This post was originally published on Edelman.com.
China’s 12th National People’s Congress (NPC) officially came to a close on March 17th, marking the end of a long transition of power that had first started in October with the 18th National Congress of the Communist Party of China (CPC).
While the NPC captured media headlines in China and around the world, it also played out in a significant way on social media.
Just hours after the newly-elected Premier Li Keqiang delivered his first press conference, “Meet China’s New Premier” became a top trending topic on Weibo – China’s popular microblogging website (considered a hybrid of Twitter and Facebook). 14,000 ‘tweets’ on Weibo were directly related to the press conference, with almost half tweeted during the week leading up to it and another half posted within the first 24 hours afterwards.
Meanwhile, the topic of China’s “Two Sessions” (the common name for the two week-long political meetings) ranked 19th out of 100 top topics for the week, with nearly 5.3 million comments tweeted or re-tweeted during the week leading up to the NPC.
China’s online landscape has long been one of the fastest-growing in the world, with more than 564 million internet users, 309 million microblog (Weibo) users and 420 million mobile web users.
In the context of China’s population, this means nearly half of all Chinese citizens (42 percent) are going online for something, and nearly 55 percent of these “netizens” are actively using microblog sites like Weibo.
Weibo has since become one of the richest sources of public discussion around current events, breaking news and top trends – basically, anything from crazy cat videos to critiques of China’s environmental policies.
The power of social media is not lost on China’s government – not only has it gotten more involved in monitoring online activity (Facebook, YouTube and Twitter have all been blocked since 2009), it has increasingly taken to Weibo, with an estimated 60,000 government-related Weibo accounts contributing to Weibo’s daily average of 86 million posts.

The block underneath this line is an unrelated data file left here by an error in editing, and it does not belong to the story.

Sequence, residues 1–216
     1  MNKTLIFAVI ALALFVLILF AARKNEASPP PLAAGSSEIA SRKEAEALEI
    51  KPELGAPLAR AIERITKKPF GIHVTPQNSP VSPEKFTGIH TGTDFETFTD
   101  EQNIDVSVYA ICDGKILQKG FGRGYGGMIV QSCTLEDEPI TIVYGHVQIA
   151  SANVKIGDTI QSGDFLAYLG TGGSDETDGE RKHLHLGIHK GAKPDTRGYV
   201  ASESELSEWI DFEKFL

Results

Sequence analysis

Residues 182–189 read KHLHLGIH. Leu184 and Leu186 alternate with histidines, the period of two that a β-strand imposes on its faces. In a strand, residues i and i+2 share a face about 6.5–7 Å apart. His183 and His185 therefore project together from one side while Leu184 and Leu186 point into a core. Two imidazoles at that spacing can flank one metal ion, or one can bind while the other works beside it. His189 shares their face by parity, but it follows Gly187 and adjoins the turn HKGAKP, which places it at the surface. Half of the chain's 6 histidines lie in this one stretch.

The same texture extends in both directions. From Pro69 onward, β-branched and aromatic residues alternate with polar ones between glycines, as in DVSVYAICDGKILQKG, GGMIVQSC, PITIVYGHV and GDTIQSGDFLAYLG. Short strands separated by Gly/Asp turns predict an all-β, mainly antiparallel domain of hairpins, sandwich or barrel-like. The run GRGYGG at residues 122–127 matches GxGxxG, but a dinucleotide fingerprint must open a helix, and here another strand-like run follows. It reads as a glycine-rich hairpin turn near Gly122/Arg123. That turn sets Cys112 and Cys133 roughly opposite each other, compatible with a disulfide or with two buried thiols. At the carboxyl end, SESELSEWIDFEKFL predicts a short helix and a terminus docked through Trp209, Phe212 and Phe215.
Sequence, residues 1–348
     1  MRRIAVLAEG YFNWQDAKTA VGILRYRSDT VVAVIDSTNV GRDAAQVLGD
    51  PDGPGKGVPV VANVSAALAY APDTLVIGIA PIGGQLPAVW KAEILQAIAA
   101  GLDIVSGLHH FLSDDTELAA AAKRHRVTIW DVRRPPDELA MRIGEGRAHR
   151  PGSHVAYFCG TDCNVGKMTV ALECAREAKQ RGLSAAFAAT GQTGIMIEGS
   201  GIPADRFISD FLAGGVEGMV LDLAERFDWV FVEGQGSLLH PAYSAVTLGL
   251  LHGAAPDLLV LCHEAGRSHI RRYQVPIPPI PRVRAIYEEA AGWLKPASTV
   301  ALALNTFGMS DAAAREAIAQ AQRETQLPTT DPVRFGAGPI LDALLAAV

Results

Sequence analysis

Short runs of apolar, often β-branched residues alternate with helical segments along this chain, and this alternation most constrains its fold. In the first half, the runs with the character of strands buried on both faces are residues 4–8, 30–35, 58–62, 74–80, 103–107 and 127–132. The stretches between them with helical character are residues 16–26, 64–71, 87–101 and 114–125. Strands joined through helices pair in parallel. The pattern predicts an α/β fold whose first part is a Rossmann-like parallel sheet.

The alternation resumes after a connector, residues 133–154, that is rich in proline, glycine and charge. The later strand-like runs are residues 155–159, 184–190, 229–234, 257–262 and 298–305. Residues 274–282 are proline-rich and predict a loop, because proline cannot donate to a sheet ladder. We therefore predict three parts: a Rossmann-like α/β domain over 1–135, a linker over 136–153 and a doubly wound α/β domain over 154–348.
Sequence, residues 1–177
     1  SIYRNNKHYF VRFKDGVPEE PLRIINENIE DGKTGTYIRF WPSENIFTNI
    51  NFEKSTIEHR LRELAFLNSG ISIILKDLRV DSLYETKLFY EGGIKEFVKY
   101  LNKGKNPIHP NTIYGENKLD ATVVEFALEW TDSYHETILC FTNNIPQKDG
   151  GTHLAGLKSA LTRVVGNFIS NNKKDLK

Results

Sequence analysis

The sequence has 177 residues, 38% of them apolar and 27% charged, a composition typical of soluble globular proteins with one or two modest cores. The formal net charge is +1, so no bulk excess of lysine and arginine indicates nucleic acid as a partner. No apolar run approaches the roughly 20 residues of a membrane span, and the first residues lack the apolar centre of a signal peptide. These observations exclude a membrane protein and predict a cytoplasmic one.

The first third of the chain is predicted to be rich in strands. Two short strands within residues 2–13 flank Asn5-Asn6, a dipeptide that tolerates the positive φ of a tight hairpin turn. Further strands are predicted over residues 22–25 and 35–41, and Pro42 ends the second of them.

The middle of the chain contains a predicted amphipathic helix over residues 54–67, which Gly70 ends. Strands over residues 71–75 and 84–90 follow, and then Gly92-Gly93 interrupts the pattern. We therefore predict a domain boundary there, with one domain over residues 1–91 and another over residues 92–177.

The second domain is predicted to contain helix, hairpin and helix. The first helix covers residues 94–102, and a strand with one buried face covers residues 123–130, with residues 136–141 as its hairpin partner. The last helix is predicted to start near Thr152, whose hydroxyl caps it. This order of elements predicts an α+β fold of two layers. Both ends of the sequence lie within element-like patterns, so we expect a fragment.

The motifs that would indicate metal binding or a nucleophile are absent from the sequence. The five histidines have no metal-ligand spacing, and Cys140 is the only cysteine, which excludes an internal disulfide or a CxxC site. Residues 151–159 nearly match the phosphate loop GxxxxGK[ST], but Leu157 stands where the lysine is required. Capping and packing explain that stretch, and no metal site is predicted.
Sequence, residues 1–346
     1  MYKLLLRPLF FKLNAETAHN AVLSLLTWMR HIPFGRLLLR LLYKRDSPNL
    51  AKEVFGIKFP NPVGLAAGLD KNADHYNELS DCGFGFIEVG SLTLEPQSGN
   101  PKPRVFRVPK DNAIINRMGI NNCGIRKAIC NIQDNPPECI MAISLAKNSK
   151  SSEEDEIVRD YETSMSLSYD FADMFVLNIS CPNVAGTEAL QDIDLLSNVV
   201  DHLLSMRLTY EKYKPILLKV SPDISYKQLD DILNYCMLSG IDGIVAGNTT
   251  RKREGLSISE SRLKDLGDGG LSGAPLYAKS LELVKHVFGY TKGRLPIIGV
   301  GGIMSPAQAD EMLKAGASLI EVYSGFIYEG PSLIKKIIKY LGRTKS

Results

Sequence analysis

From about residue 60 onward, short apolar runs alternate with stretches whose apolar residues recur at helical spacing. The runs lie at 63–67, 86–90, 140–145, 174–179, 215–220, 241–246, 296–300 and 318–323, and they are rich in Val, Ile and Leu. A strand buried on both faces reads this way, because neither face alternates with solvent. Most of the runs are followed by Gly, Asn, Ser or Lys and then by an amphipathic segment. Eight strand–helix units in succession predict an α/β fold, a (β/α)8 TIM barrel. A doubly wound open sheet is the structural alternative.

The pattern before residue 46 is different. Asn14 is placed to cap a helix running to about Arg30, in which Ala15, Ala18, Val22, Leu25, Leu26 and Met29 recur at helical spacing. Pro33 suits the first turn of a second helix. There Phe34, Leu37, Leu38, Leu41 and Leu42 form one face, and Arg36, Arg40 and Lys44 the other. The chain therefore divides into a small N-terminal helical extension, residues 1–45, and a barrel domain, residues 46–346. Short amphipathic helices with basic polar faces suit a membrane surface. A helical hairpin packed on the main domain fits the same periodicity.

China’s authoritative State Council recently launched its first Weibo account to announce new rules and regulations, and currently has more than one million followers – though it does not interact with fans or allow questions and comments.
Perhaps the most interesting new Weibo accounts have come in the form of “fan” sites dedicated to China’s leading politicians: the “Learning from Xi Fan Club” (学习粉丝团) was created just days into Xi Jinping’s role as CPC General Secretary and is dedicated to tracking Xi’s public appearances, racking up more than 1.3 million fans to-date.
Meanwhile, an account devoted to Chinese First Lady Peng Liyuan, the “Guo Mu (‘national mother’) Fan Club,” recently reached almost 6,000 followers before being mysteriously shut down at the end of March.
So what does this tell us? As an increasingly engaged generation of Chinese citizens continues to move between online and offline sources, it’s clear the government must find new ways to maintain its relevance and to participate in the conversation.
And while we might not see Xi Jinping engaging in a Reddit Ask Me Anything (a la Obama) any time soon, it’s safe to say China’s government will not ignore the power of social media platforms like Weibo.
I predict the government will increase its online engagement and monitoring (censorship) even more as China’s new leaders promote their “China Dream” strategy. And if we’re lucky, we may even see a few more fan sites pop up?